Posts in this series (The Cemetery Series, subset of Clear Out the Jam Jars Series) are not supposed to be long, but I really did not understand this poem the first six times I read it, and so I worked my way through it like a detective to find out what the heck it meant, which I ‘m also not supposed to be doing because A poem should not mean/ But be.

 

So sue me, I discovered some things.

 

I started with the words I didn’t know: phthis, lotharian, brumal. Phthsis is an eye no longer working. Lotharian I take to mean belonging to a Lothario, a man with a roving eye. Unfortunately now with a dead-eye.

 

A portrait of the person who died starts to take shape, a ladies man, a person so alive he scattered light, a person who found life had grown dark, the brumal (having to do with winter) wood of men and women banishing the butterflies. A person who wrote poetry, a person who shot pool and skeet, and died suddenly, unexpectedly—by suicide? By gunshot?

 

Ah, got it. The final line (which the first six times sounded like Rhett Butler popped in the poem on his way out of Atlanta)

 

Frankly, my dear, frankly, my dear, frankly

 

now made sense. “only the crossing counts” is about poet Frank Stanford, C.D. Wright’s old lover. That was probably immediately obvious to anyone faintly familiar with C.D. Wright’s life. Just took me longer.

 

Frank Stanford shot himself in a bedroom while Wright was in the front of the house with Stanford’s wife. The death was sudden, it was horrific (and a crazy story, link here for more details). The first line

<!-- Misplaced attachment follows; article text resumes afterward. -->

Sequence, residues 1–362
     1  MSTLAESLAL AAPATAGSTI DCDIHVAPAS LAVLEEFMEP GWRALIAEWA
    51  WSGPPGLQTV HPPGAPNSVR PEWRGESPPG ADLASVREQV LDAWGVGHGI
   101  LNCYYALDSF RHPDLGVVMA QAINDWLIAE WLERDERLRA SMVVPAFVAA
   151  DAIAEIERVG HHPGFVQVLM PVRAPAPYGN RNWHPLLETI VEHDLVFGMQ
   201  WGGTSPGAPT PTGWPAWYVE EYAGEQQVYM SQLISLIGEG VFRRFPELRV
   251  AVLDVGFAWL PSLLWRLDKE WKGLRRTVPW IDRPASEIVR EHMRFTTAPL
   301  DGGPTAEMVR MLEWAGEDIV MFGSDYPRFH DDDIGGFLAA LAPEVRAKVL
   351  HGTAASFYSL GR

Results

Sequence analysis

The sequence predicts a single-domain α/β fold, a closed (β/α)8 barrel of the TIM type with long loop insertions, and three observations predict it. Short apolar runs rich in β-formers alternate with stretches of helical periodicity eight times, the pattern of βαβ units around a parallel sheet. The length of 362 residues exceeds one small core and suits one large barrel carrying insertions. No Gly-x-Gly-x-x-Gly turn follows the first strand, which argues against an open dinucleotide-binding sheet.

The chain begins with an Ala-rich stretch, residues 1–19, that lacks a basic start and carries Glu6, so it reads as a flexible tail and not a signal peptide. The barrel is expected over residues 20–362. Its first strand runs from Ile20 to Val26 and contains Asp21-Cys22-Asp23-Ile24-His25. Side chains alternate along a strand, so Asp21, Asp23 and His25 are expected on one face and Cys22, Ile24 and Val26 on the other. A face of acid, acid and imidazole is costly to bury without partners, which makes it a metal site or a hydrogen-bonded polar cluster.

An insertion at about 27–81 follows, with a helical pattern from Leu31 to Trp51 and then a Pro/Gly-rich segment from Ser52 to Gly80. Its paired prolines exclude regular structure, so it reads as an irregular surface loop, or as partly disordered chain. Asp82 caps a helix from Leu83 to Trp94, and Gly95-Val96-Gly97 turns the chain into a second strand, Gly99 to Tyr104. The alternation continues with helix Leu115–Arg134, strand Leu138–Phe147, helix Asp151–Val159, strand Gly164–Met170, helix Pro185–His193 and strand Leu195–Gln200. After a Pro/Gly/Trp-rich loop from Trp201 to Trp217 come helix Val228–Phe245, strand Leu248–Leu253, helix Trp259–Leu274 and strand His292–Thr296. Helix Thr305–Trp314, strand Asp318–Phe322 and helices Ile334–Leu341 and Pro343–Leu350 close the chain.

It’s not how we leave one’s life

 

sounds like someone grieving a suicide who’s trying to forget the circumstances of  the suicide. Later she wonders if at some level she always knew it would happen–

 

the dusting

of furniture with a remnant of the revenant’s shirt.

 

That line just blows me away. This poem blows me away. It’s just so thick. Read it again. Read it six times, seven times. You’ll keep finding more.

 

C.D. Wright passed last year. I’ll reprint her bio from an earlier post.

C.D. Wright was born in 1949 in the southern Ozarks of Arkansas. She and her brother were the children of a judge and a court reporter. So it’s no wonder that after studying French at Memphis State University, she considered becoming a lawyer. Fortunately for the world of poetry, she left law school after a brief stint and went on to get her MFA from University of Arkansas.

 

Poet Frank Stanford’s press, Lost Roads, published her first book of poetry. She took over the press after he killed himself. Strange that Frank Stanford, whom she knew well, was supposed to be the next big thing, but it ended up that she, the less flamboyant one, the steadier person, is now heralded as a true American original, in a “a school of exactly one” (from poet Joel Brouwer, as quoted in the New York Times).

 

Of her original sytle, Wright said this in an interview with Jacket Magazine in 2001:

 

As to my own aesthetic associations / affiliations / sympathies: I have never belonged to a notable element of writers who identified with one another partly because I come from Arkansas, specifically that part of Arkansas known for its resistance-to-joining, a non-urban environment where readily identifiable groups and sub-groups are less likely to form. The last known poetry clan in my part of the country was the Agrarians. I was not of that generation, gender or class.

 

She married poet Forest Gander. Together they had a son Brecht and ran Lost Roads. She taught at Brown University and published over a dozen books, one of them a collaboration with a photographer to document the lives of women in prison.

 

She was awarded a MacArthur Fellow and Guggenheim fellowship.

 

She died January 12 at age 67 in her sleep of a blod clot.